Start day 3 in Seville at the magnificent Plaza de Espana — a famous architectural landmark, photogenic spot, and an unmissable site in Seville.
The plaza was built for the Ibero-American World Fair of 1929, where Spanish speaking countries enjoyed a year long mutual admiration festival. It’s open to the public and there’s no entry fee.
The park’s highlight is the Spanish Pavilion, the sweeping half circle structure with rose gold brick buildings. Designed in an Art Deco style with some Moorish touches, the Plaza has the expected Spanish flair — lots of color and lavish embellishment.
There are 49 alcoves, each decorated with tiles. They show historical scenes and maps from the 49 provinces of Spain arranged in alphabetical order.
There’s nothing to actually do here except check out the architecture, the alcoves, and the tiles.
The plaza has been featured in the movies Lawrence of Arabia and Star Wars Attack of the Clones. If you want photos without a horde of tourists, you’ll have to arrive very early.
2. Maria Louisa Park
For a respite, stroll through the adjacent Maria Luisa Park, complete with shaded paths and gardens. It’s decorated with ceramic tiled benches, fountains, statues, and ponds. You can leisurely walk around and enjoy the shade and the bucolic setting.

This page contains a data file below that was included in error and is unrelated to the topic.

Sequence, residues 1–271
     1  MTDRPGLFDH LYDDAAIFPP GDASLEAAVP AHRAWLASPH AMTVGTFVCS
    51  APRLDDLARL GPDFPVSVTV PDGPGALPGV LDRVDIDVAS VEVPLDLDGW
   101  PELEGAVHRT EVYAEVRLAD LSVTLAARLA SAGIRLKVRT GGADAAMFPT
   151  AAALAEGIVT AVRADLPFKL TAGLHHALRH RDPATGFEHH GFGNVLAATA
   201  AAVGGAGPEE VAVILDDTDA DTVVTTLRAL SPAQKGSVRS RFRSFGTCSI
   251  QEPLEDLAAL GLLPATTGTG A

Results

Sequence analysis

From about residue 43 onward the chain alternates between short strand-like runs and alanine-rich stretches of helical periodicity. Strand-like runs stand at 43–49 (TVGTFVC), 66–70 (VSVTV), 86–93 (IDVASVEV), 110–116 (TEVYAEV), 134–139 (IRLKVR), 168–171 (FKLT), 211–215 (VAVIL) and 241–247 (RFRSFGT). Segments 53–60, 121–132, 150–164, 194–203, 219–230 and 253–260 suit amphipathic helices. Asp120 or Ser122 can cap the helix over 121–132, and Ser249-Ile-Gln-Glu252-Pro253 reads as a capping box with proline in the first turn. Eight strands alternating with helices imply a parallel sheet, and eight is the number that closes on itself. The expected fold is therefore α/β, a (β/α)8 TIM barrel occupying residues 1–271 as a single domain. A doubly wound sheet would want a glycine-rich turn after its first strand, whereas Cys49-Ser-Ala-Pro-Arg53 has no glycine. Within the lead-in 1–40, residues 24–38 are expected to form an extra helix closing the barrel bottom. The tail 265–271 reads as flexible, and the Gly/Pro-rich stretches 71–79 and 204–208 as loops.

3. Tower of Gold
Then amble up the river to the Torre del Oro, or Tower of Gold. It’s a 13th century watchtower that’s one of Seville’s landmarks. Tower was part of the Moorish city wall. It was given its name because of the gold gleam it projected on the Guadalquivir River.
I’m not really sure it’s worth going up. But, from the roof terrace, you have nice views of the river and surrounding neighborhoods.
Then cross the Puente de Isabel II bridge over the Guadalquivir River and head to the colorful Triana neighborhood.
Triana’s a small soulful village within a big city and the old gypsy quarter of Seville. The neighborhood was once considered the “wrong side” of the river.
Now, it’s the fun and funky part of town. Locals still call it the “Independent Republic of Triana.”
Triana is steeped in romance and myth. It was home to many of Spain’s best flamenco dancers and bullfighters.
Once over the bridge, you’ll be greeted by the Capilla del Carmen with its bell tower and chapel. The main commercial street in Triana is the pedestrianized Calle San Jacinto where you’ll find shops and cafes.
For lunch, get off the main drag and head left. Have some modern fusion (Venezuelan and Spanish) tapas at Vega 10 in Triana. Located at Calle Rosario, its specialty is bull’s tail cannelloni. Or, get some tapas at Casa Cuesta or Las Golondrinas.